Bears

Q&A: Bears QB Mitch Trubisky on the Jordan Howard trade, Game of Thrones and much more

9-8mitchtrubisky.jpg
USA Today

Q&A: Bears QB Mitch Trubisky on the Jordan Howard trade, Game of Thrones and much more

NBC Sports Chicago had a chance to chat Saturday morning across from Wrigley Field with Bears quarterback Mitch Trubisky, who was there for Gone Rogue Protein Chips. Heading into his second year in Matt Nagy’s offense, Trubisky covered his thoughts on the Jordan Howard trade, how much better this team can be and a number of other topics (like MarioKart and Game of Thrones). 

JJ Stankevitz: Alright Mitch, so you went Zero Dark Ten last year, no social media, you’re now back on social media and are here for Gone Rogue. What about the Gone Rogue brand brought you to this partnership?

Mitch Trubisky: Yeah, it’s an awesome brand, awesome new product. It’s going to be the best new snack out there. Chicago-based company so I’m happy to be teamed up with them. Excited for their launch. It’s a healthy snack — it’s basically a piece of chicken that’s been sliced, baked, smoked and flavored and it’s got the texture and consistency of a chip, but it’s healthy like beef jerky. 17 grams of protein per bag. It’s the healthy snack that you need in between great meals. I’ve been using it in my offseason for training before workouts, after workouts just to get that healthy snack in between meals. And it tastes really good as well. People gotta check it out and see what it’s all about because I know people love chips, but you need the healthy substitute and this is perfect for you guys. 

Speaking of unhealthy food, you mention chips, but you caused kind of a stir on social media on Friday by saying you put ketchup on your hotdogs. But let me give you an opportunity for an out: Have you had a Chicago-style beef sandwich yet?

I have not had a Chicago-style beef sandwich yet. I actually haven’t had a Chicago-style hot dog. I should’ve led with I haven’t had an actual hot dog in three to four years, the last time I had one I was probably a little kid or in high school and had ketchup on it. So I need to get it out there and clear it up so people aren’t mad at me for the hot dog answer. 

What was your reaction to the trade of Jordan Howard and bringing in David Montgomery?

The addition of David is going to be great for our offense but it’s always tough to see one of your great teammates and someone I consider a brother in Jordan Howard, we got really close the first two years and I really learned a lot from him. He carried our offense and just him being a great dude and a great teammate, it’s hard to see him go. But I always wish him the best and then it’s the next guy up mentality. So we got David in the draft and we’re excited about what he can do for this offense and I can’t wait to work with him and see where this thing takes us. We’re just trying to be more explosive on offense this year. 

Do you have a favorite character in MarioKart or Super Smash Brothers that you always play with?

Yoshi. 

I guessed you were a Yoshi guy! Why are you a Yoshi guy?

I don’t know. I just didn’t want to — it seems like everyone picks Mario and Luigi so I wanted to go for someone that nobody ever picks.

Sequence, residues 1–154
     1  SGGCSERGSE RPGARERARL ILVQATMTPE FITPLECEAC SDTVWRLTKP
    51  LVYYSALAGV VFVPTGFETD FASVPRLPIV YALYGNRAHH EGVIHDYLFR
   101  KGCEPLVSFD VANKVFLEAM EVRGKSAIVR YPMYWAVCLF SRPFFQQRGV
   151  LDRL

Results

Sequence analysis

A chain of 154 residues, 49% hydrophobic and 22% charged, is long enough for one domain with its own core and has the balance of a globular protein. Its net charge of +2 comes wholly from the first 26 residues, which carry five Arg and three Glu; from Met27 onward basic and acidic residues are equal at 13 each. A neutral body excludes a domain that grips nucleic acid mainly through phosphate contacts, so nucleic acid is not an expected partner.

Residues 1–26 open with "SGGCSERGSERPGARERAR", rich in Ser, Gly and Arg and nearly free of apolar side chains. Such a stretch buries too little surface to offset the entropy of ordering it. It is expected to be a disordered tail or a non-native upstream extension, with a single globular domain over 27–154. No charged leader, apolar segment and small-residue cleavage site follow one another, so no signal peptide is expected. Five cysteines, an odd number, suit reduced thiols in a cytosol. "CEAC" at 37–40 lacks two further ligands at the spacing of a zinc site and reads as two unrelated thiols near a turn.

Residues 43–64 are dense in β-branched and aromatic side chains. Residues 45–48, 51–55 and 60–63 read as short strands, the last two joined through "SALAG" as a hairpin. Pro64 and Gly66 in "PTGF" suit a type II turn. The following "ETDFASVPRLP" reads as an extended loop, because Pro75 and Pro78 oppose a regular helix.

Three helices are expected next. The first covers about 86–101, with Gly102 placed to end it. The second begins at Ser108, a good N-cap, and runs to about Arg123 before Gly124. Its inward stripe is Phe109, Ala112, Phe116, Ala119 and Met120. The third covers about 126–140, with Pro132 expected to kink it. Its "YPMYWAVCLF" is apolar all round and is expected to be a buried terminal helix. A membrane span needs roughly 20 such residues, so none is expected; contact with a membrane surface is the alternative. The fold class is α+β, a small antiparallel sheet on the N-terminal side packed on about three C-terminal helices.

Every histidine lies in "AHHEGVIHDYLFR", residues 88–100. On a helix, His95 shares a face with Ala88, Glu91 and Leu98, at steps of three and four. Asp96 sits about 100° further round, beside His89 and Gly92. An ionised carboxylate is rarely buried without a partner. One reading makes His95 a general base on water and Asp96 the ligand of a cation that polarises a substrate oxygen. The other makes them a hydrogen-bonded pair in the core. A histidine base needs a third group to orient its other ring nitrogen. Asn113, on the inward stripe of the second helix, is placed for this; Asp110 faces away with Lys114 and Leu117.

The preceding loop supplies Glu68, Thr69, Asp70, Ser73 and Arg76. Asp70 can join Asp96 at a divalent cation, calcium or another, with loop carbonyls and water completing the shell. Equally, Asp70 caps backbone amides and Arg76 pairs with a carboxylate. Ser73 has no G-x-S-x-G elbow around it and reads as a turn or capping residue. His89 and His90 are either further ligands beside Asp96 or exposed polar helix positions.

Matt Nagy’s talked so much about Year 2 in this offense and how much growth there can be. Do you have a sense of how much better this offense can be now that you have a full year of experience in it?

Yeah, definitely. I think throughout last year, you saw kind of flashes of what this offense could be, and now we’re just looking for that consistency every drive, every snap, every play that I know exactly where to go with the football, guys are in the right places at the right time and we’re just keeping the defense off balance and continue the creativeness on this side of the ball and use all of our playmakers. We got even more of them this year and when everyone’s healthy, back and we’re rolling, the execution has to be there across the board because we’re another year in this offense, we’re way more experienced, it’s my Year 3 and we’re Year 2 in this offense. So there’s no excuse for this offense to not be high flying, high powered and one of the best in the league. 

You’ve got people lined up who’ve been waiting to see you since midnight over there (on Clark Street). 

No way. 

Yeah! Do you have a sense of your profile in this city? Are you able to come out and enjoy Chicago without having to deal with throngs of people constantly coming up to you and trying to talk to you?

Yeah, I like to — I haven’t been able to do it as much as I’d like to because I live north out by the facility. But it’s awesome coming downtown. I don’t think I fully understand the profile of my position but I’m blessed and privileged to be where I am, and I love the city of Chicago and how big of a sports town it is and how everybody embraces it. But I love meeting people, I love talking to them as long as they’re not — as long as they treat me like a person, because I’m just like everyone else. I’m just like everyone else. I want to spend time, go out to to eat, hang out with my family, and I love talking to and meeting new people. But I’m just a person. I’m not some figure, I’m not bigger or more special than anybody else, but I’m definitely blessed to be in the position I am and I’m embracing it and embracing this city, because I love it.